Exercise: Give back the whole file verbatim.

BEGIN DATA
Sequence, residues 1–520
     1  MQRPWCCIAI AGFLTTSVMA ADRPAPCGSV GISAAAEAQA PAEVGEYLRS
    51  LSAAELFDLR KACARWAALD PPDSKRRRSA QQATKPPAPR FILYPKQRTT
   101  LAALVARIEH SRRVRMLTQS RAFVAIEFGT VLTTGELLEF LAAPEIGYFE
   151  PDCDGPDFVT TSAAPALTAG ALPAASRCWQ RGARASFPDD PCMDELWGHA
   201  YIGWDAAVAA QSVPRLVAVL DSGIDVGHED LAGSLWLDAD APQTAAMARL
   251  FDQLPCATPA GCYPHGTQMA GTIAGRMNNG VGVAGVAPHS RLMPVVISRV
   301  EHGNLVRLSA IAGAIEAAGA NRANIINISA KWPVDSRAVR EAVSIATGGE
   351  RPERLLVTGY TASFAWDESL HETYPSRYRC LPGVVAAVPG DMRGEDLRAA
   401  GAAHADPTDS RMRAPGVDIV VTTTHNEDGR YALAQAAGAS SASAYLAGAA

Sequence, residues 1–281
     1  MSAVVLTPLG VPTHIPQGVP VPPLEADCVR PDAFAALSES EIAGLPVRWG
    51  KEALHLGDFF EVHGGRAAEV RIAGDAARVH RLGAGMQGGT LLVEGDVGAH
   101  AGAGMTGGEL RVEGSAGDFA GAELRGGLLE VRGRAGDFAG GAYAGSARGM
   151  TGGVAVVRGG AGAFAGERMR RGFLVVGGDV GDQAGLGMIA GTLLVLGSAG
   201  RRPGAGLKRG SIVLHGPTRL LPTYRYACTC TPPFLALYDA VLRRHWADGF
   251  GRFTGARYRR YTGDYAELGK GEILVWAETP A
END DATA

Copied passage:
Sequence, residues 1–520
     1  MQRPWCCIAI AGFLTTSVMA ADRPAPCGSV GISAAAEAQA PAEVGEYLRS
    51  LSAAELFDLR KACARWAALD PPDSKRRRSA QQATKPPAPR FILYPKQRTT
   101  LAALVARIEH SRRVRMLTQS RAFVAIEFGT VLTTGELLEF LAAPEIGYFE
   151  PDCDGPDFVT TSAAPALTAG ALPAASRCWQ RGARASFPDD PCMDELWGHA
   201  YIGWDAAVAA QSVPRLVAVL DSGIDVGHED LAGSLWLDAD APQTAAMARL
   251  FDQLPCATPA GCYPHGTQMA GTIAGRMNNG VGVAGVAPHS RLMPVVISRV
   301  EHGNLVRLSA IAGAIEAAGA NRANIINISA KWPVDSRAVR EAVSIATGGE
   351  RPERLLVTGY TASFAWDESL HETYPSRYRC LPGVVAAVPG DMRGEDLRAA
   401  GAAHADPTDS RMRAPGVDIV VTTTHNEDGR YALAQAAGAS SASAYLAGAA

Sequence, residues 1–281
     1  MSAVVLTPLG VPTHIPQGVP VPPLEADCVR PDAFAALSES EIAGLPVRWG
    51  KEALHLGDFF EVHGGRAAEV RIAGDAARVH RLGAGMQGGT LLVEGDVGAH
   101  AGAGMTGGEL RVEGSAGDFA GAELRGGLLE VRGRAGDFAG GAYAGSARGM
   151  TGGVAVVRGG AGAFAGERMR RGFLVVGGDV GDQAGLGMIA GTLLVLGSAG
   201  RRPGAGLKRG SIVLHGPTRL LPTYRYACTC TPPFLALYDA VLRRHWADGF
   251  GRFTGARYRR YTGDYAELGK GEILVWAETP A